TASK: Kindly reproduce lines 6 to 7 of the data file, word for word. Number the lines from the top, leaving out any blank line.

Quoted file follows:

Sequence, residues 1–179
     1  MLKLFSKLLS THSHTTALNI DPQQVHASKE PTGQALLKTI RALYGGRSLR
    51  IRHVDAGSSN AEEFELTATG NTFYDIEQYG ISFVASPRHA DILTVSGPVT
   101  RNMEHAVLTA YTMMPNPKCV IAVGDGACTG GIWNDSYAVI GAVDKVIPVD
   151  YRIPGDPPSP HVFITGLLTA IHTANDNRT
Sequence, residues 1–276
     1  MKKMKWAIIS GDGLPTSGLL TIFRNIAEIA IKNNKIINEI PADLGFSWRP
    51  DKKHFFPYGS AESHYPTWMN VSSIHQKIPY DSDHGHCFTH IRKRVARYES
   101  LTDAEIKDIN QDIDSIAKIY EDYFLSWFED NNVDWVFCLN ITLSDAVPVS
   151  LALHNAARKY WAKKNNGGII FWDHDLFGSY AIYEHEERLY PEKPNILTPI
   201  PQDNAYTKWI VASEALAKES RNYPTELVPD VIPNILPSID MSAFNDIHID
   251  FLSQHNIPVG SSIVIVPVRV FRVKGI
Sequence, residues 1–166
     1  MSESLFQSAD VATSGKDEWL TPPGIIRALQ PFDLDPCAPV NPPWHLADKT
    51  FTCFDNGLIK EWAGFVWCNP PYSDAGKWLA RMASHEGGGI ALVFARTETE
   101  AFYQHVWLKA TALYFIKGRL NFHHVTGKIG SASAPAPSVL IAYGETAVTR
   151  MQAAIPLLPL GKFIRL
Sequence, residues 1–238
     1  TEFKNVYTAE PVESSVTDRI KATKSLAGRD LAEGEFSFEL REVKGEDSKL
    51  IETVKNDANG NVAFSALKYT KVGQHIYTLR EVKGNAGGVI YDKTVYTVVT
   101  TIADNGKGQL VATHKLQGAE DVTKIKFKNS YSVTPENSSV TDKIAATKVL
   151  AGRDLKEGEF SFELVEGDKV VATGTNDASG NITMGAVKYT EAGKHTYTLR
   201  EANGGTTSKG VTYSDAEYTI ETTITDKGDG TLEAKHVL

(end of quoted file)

Sequence, residues 1–276
     1  MKKMKWAIIS GDGLPTSGLL TIFRNIAEIA IKNNKIINEI PADLGFSWRP